Review: Once is a foot-stomping, tear-jerking musical delight in Milton Keynes

Alan Wooding reviews Once the Musical at Milton Keynes Theatre

Tuesday, 18th February 2020, 4:26 pm
Updated Tuesday, 18th February 2020, 4:26 pm
The cast of Once. Picture: Mark Senior
The cast of Once. Picture: Mark Senior

It's rare these day that I see a touring musical and be blown away by it - but Once is simply one of those shows that had that effect on me.

Once the Musical opened in Milton Keynes Theatre last night (Monday) for a week-long run and it deserved the rapturous applause at the final curtain. Meanwhile its best known, Academy Award-winning song, Falling Slowly (whose tuneful strains feature throughout the show), received whoops and cheers from the audience.

From the start it felt like you'd just arrived in time for a typical Irish ceilidh. In fact I'm amazed that the audience isn't issued with a pint of Guinness apiece and asked to raise a glass and shout Sláinte.

The story is simply a 'girl meets boy' affair – or in this case, 'Girl meets Guy' – with all the action taking place in a Dublin pub where everyone is enjoying the craic.

The Girl in question is from the Czech Republic and when she hears street busker Guy's song of unrequited love, she encourages him to keep writing and singing. At the time, vacuum cleaner repair man Guy (Daniel Healy) is about to give up on his musical dream after his girlfriend had deserted him (and Ireland) to live in New York.

Girl (Emma Lucia) suggests to Guy that if he can fix her old upright cleaner for free - in return she'll play piano and accompany him. "Are you serious?” he says. “I’m from Czech Republic, we’re always serious,” is her reply.

It's a rather simple storyline about two people with issues while the music (originally written by Glen Hansard and Markéta Irglová) is superbly delivered by an ensemble of 15 on-stage musicians who breathe life into the whole show with their amazing ability to energetically dance around and play at the same time.

There are also some really great songs – I especially loved If You Want Me sung by Girl, Reza (Ellen Chivers) and Guy's ex-girlfriend (Rosalind Ford) – while the language translations are displayed as surtitles displayed high above the stage.

There was a comical number delivered by actor Samuel Martin, the bank manager from Cork. His Abandoned in Bandon was sheer brilliance while there were more musical crowd pleasers from the likes of Billy (Dan Bottomley), the usually drunken music store manager, while Lloyd Gorman's Svec provided another comedic moment as he strips off his tracksuit bottoms to reveal a bright red pair of skimpy briefs before sitting down to play the drums.

With Billy claiming Spanish heritage, he tries to prove it in a bullfighter/flamenco-style dance with an equally drunk Reza. They are backed by the whole ensemble playing together on four guitars, as many fiddles/violins, two accordions, a piano, drum and a couple of mandolins plus Rosalind Ford somehow playing the cello while dancing around.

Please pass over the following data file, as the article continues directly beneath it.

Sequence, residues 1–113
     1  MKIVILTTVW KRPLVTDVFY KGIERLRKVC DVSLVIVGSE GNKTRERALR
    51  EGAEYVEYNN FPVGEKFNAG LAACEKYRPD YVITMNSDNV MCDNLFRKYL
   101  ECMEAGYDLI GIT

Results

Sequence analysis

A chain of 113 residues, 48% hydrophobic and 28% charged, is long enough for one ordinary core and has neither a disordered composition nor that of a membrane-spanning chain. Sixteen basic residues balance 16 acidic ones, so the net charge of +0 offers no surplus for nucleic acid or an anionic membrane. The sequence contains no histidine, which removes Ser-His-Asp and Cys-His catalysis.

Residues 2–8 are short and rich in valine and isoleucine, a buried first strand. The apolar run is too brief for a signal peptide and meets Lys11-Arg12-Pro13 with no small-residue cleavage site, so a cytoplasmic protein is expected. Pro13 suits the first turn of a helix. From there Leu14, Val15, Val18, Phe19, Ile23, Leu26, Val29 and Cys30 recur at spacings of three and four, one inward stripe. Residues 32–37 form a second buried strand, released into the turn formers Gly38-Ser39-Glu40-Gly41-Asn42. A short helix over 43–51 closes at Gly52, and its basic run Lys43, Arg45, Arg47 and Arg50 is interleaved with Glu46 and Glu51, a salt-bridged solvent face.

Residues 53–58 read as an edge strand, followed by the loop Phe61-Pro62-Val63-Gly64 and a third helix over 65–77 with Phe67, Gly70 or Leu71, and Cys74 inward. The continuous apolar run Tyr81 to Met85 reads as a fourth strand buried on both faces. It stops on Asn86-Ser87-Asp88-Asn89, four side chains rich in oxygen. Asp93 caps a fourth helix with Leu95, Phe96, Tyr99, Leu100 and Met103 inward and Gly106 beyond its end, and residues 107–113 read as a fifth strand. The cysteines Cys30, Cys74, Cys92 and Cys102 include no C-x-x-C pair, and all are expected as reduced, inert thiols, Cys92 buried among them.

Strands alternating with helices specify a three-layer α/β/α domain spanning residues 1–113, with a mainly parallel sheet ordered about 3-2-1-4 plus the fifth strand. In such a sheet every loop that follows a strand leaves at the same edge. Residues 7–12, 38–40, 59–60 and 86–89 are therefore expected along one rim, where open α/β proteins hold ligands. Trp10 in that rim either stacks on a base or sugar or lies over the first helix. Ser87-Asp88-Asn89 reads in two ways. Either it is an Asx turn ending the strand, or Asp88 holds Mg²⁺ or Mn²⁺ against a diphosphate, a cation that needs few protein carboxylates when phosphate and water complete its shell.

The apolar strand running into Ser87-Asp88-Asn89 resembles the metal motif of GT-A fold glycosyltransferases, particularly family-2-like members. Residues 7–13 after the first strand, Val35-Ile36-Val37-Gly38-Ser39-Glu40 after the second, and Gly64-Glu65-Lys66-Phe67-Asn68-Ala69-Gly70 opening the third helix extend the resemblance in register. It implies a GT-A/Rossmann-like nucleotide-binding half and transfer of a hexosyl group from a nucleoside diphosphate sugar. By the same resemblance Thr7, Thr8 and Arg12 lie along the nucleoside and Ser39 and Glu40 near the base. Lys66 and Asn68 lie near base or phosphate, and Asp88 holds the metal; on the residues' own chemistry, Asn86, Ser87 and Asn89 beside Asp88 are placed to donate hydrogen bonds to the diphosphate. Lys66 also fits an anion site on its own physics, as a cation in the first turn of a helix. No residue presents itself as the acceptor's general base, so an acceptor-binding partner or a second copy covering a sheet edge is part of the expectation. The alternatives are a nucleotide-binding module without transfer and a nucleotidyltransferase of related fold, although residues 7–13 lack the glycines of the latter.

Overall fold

Full marks to Emma Lucia as Girl whose voice and piano-playing is spot on especially when singing The Hill which is really moving. As for Daniel Healy, his performance is superb as he sings and plays guitar throughout, his voice complementing Emma's so well that you really believe they are very much in love. Just listen to Gold, a beautiful harmony number sung a cappella-style which literally gave me goosebumps.

The cast – who are all excellent musicians in their own right – also includes David Heywood as Emcee, Matthew Burns as Eamon, Peter Peverley as Guy's old Da, Susannah van den Berg as Billy's 'love interest' Baruska and James William-Pattison as fellow Czech burger-flipper Andrej. Besides the above are fellow ensemble musicians Emma Fraser, Seán Keany, Hanna Khogali and Conor McFarlane while the role of Ivonka (Girl's very young daughter), is played alternatively by either Vyie Moore or Anya Pilling.

All the action takes place within the space of five days while the pub is transformed into a musical store, a recording studio, Guy's house and also his bedroom, with a minimal movement of props.

The Once story was originally written by award-winning Irish playwright and screenwriter Enda Walsh while this touring production is directed by Peter Rowe with set and costume design by Libby Watson and musical supervision by Ben Goddard.

"It'll be full of that Irish 'diddly-dee, diddly-dee' style music," said my daughter when I told her what we were going to see - and to a certain extent she was absolutely right. The Irish music influence is certainly there, and what a cracking foot-tapping soundtrack Once the Musical proves to be – I absolutely loved it!

Down the years I've seen several 'boy meets girl-type' musicals but this one is somehow different. Once is both heart-warming and heart-breaking, loving and loathing and while I'm never happy with some of the language, I'm certain that the majority will not be disappointed.

* Once the Musical plays Milton Keynes Theatre until this coming Saturday (February 22) with ticket prices starting at £13 from the Box Office on 0844 871 7652 or online at atgtickets.com/MiltonKeynes (booking fees apply).